The Carrie Diaries
What parents need to know
Parents Need to Know
Parents need to know that The Carrie Diaries is a prequel to Sex and the City and follows the coming of age of SATC's leading lady and narrative voice, Carrie Bradshaw. The show is set during Carrie's high school years and showcases the original series' same openness toward sexuality, though here it's more a discussion point than a scene stealer because of the characters' ages. Even so, expect some frank talk about the physical and emotional nature of the act, references to sexual identity, and illicit affairs, including a teen relationship with an older man. Language is sporadic, there are instances of teen drinking and drug use, and Carrie makes some iffy judgment calls when she falls in with an older, more worldly crowd in the city. On the flip side, she values meaningful relationships with friends, loves her family, and has a clear sense of where she wants to be in the future.
What's the story?
With the start of her junior year of high school, life should be getting back to normal for 16-year-old Carrie Bradshaw (AnnaSophia Robb), but after the recent loss of her mom, she's anything but settled. Instead, she feels like all eyes are on her, and the fact that her best friends' lives seem to be finding direction only highlights her uncertainty about her own. But then in walks Sebastian (Austin Butler), a handsome face from her past, sparking an interest that she'd assumed was gone for good. Better yet, Carrie's dad (Matt Letscher) lines up an internship for her in Manhattan, where she meets free-spirited magazine editor Larissa (Freema Agyeman) and gets her first taste of adulthood and the glamorous city life she's long craved. She's sure she'll never be the same now that she's seen how the other half lives, but where her dreams will take her is anybody's guess.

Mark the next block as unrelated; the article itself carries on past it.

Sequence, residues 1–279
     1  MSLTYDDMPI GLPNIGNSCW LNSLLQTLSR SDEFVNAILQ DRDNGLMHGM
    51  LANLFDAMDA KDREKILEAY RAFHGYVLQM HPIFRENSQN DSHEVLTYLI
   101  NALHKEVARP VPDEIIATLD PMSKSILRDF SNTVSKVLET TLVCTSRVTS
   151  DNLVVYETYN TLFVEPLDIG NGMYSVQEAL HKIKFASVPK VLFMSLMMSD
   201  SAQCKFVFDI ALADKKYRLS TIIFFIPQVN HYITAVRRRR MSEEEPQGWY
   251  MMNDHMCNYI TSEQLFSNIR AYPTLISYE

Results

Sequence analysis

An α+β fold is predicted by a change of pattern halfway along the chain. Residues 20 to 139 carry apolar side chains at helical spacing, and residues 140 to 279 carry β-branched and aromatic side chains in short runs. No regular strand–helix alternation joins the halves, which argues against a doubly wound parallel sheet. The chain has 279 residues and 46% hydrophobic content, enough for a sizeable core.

Is it any good?
THE CARRIE DIARIES is based on a series of books by Sex and the City creator Candace Bushnell and follows Carrie's formative teen years when she's first introduced to the big city. Both the show itself and Robb in particular have big shoes to fill in following fan-favorite Sex and the City and the iconic Sarah Jessica Parker, respectively. To her credit, Robb meets the challenge head on, attempting to channel Parker's appearance and mannerisms and daring you not to love her smart, well-spoken character who's driven more by her personal goals than she is by sexual infatuation or lust.
That said, the '80s-set show does lack a clear vision of its target audience. To fully appreciate The Carrie Diaries, you should be a fan of Sex and the City, but instead, the show is geared toward teens who likely haven't seen the original. What's more, if your teen does get drawn into Carrie's story, it's likely they'll want to see where she winds up, which will lead them straight to the HBO series known for steamy love scenes and frank talk about bedroom habits. But if you can set aside the connection between the two shows and judge this one on its own merit, there's a lot to like in its presentation of positive friendships, family relationships, and Carrie's passion to fulfill her dreams.
Families can talk about...
Families can talk about how The Carrie Diaries depicts relationships. Which friendships are most meaningful to Carrie? How do your friendships enrich your life? Why do they seem to have more staying power than teen romance does?
The loss of Carrie's mom is a defining moment in her life. What turning points have you experienced that have shaped the person you are? Are you stronger for having made it through these events? How do our family relationships influence our value systems?
Teens: Who do you think this show is geared for? What was the author's purpose in writing The Carrie Diaries after Sex and the City? Have you ever seen Sex and the City? If so, do you think you can better appreciate Carrie's story because of it? If not, does this series make you want to watch it?
Do you think The Carrie Diaries will appeal to adult fans of the original show?